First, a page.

• The distress-relief dynamic in attachment bonding.
  • An expectancy-value approach to attachment.
  • The biobehavioral legacy of early attachment relationships for adult emotional and interpersonal functioning.
  • How early experiences shape attraction, partner preferences, and attachment dynamics.
  • How mental representations change as attachments form.
  • Insights into the formation of attachment bonds from a social network perspective.

Bases of Adult Attachment will interest scholars approaching adult attachment at multiple levels of analysis (neural, physiological, affective, cognitive, and behavioral) and from multiple perspectives. This wide audience includes developmental, social, and cognitive psychologists as well as neuroscientists, neuropsychologists, clinicians, sociologists, family researchers, and professionals in public health and medicine.


Contents:

Part I: Introduction: Introduction and overview.- Part II: The processes that promote adult attachment formation: The distress-relief dynamic in attachment bonding.- An expectancy-value approach to attachment.- Part III: The effect of previous experience on adult attachment formation and maintenance.- Attachment and relationships across time: An organizational-developmental perspective.- The biobehavioral legacy of early attachment relationships for adult emotional and interpersonal functioning.- How early experiences shape attraction, partner preferences, and attachment dynamics.- Part IV: Development and change in adult attachment bonds: Insights into the formation of attachment bonds from a social network perspective.- From an unknown other to an attachment figure: How do mental representations change as attachments form?.- Evidence from fMRI studies of adult pair-bonding.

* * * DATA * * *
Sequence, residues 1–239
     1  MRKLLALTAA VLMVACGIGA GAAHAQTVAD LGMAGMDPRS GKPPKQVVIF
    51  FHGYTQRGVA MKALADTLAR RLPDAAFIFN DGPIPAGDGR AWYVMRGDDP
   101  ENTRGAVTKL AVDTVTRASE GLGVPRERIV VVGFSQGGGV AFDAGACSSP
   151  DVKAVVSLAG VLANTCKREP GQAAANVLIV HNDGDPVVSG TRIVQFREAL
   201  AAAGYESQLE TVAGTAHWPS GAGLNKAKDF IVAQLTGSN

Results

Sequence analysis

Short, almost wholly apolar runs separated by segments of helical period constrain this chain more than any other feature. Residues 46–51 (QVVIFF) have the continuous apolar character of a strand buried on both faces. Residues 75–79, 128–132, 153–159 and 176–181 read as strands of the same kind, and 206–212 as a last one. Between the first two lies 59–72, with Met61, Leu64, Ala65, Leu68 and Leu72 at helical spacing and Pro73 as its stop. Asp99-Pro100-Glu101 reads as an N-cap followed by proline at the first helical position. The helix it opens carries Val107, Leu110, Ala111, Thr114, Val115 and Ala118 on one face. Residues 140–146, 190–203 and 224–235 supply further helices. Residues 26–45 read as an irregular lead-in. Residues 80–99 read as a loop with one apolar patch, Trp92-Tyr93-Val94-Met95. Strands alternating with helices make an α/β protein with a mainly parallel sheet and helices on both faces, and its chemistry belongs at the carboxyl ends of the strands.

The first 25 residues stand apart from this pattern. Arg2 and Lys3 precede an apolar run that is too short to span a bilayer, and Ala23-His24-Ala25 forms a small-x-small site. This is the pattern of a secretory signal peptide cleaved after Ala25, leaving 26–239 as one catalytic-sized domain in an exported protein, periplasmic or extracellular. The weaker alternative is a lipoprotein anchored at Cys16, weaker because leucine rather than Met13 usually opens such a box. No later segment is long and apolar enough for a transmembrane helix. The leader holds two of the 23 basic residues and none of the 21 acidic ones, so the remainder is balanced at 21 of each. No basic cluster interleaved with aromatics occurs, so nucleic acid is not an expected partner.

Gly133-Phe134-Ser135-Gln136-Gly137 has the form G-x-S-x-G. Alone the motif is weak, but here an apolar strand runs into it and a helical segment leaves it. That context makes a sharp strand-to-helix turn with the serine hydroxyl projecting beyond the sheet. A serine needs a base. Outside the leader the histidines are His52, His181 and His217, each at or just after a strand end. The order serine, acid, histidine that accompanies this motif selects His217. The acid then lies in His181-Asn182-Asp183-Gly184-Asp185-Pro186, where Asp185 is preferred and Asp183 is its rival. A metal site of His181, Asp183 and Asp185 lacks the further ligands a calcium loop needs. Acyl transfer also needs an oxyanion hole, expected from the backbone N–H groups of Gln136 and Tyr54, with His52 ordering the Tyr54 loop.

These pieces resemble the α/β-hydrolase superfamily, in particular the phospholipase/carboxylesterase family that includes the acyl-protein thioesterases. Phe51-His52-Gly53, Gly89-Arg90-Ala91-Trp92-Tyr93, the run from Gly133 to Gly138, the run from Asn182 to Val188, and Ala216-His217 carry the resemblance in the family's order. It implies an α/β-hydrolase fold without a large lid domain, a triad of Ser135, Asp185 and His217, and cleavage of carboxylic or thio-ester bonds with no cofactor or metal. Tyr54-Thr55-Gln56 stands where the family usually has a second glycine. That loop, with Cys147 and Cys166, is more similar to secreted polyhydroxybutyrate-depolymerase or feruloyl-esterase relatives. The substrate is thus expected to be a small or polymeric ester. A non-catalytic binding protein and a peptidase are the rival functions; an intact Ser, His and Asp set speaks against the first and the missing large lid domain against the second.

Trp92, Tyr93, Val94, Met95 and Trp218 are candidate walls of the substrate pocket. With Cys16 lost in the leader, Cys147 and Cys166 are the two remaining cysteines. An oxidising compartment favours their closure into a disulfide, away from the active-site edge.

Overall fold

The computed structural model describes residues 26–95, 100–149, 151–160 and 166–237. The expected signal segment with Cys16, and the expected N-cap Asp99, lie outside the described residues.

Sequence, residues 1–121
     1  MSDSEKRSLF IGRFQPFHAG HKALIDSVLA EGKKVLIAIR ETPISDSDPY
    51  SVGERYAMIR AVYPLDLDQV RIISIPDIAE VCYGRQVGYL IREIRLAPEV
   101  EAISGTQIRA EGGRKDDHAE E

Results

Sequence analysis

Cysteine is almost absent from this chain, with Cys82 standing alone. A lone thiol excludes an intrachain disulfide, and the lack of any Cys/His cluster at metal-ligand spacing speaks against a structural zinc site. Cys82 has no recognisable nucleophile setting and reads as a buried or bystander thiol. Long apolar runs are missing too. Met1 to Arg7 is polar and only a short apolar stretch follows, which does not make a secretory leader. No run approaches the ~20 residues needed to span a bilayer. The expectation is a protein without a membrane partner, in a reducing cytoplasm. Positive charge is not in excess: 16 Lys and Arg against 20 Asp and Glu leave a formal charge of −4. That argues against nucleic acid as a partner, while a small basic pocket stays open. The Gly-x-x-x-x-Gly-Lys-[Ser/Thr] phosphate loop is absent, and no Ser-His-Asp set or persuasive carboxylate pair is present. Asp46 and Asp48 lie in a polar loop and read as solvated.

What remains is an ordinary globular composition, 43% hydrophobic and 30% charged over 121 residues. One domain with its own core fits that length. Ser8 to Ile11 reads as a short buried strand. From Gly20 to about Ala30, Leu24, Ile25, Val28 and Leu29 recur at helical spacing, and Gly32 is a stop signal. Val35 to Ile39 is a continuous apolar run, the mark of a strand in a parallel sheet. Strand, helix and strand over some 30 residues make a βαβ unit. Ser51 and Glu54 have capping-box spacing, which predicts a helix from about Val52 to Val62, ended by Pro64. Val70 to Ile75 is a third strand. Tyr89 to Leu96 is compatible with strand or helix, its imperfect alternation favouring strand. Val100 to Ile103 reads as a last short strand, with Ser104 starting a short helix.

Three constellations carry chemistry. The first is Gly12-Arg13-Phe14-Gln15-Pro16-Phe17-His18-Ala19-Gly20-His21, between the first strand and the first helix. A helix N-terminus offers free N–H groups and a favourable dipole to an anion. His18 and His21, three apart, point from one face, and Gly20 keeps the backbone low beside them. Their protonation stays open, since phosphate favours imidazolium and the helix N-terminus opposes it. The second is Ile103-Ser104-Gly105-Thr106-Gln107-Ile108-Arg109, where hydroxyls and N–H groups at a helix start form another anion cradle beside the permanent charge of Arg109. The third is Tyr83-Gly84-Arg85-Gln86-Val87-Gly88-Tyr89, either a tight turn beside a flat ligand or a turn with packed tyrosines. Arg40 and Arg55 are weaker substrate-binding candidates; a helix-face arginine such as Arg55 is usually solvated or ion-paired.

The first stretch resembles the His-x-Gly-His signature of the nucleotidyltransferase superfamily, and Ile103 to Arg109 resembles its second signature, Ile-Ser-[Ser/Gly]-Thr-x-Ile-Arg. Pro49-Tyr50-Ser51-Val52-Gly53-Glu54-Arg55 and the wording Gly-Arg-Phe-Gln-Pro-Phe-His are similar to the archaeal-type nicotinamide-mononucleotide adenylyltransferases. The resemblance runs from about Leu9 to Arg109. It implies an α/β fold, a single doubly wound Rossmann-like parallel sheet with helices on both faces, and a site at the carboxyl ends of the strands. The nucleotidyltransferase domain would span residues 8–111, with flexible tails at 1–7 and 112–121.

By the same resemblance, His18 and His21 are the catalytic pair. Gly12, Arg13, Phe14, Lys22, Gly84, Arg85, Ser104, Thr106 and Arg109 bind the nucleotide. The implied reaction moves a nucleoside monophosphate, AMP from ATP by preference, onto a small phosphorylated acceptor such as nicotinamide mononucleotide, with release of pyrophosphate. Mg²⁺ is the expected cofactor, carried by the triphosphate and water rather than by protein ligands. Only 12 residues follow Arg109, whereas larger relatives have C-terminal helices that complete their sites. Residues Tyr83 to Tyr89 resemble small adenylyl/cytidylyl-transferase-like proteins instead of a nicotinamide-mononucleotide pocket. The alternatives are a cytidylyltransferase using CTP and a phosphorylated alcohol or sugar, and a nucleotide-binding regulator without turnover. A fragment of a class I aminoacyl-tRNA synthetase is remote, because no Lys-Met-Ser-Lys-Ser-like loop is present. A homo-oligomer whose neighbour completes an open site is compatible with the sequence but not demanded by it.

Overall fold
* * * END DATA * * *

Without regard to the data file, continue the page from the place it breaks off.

PRODUCT DETAILS

ISBN-13: 9781461496229
Publisher: Springer (Springer New York)
Publication date: January, 2015
Pages: 250

Subcategories: Psychotherapy

MEET THE AUTHOR

Vivian Zayas is an Associate Professor of Psychology and Director of the Personality, Attachment, and Control Laboratory at Cornell University. Her research examines the cognitive and affective processes that regulate behaviors within close relationships. She approaches the study of the individual and his or her relationships from a multi-level, interdisciplinary perspective that bridges the study of attachment processes with research on executive control and self-regulation and blurs traditionally defined boundaries between social and personality psychology and cognitive and cognitive neuroscience. Her research appears in journals such as Psychological Science, Journal of Personality and Social Psychology, Proceedings of the National Academy of Sciences. Personality and Social Psychology Bulletin, Child Development, Nature Neuroscience, and Journal of Personality. She has received funding from National Science Foundation and National Institutes of Health.

Cindy Hazan received her Ph.D. from Denver University. Her current research focuses on the normative aspects of adult attachment formation and maintenance, with special emphasis on identifying markers of attachment at multiple levels of functioning. She is an associate professor in the Department of Human Development at Cornell University.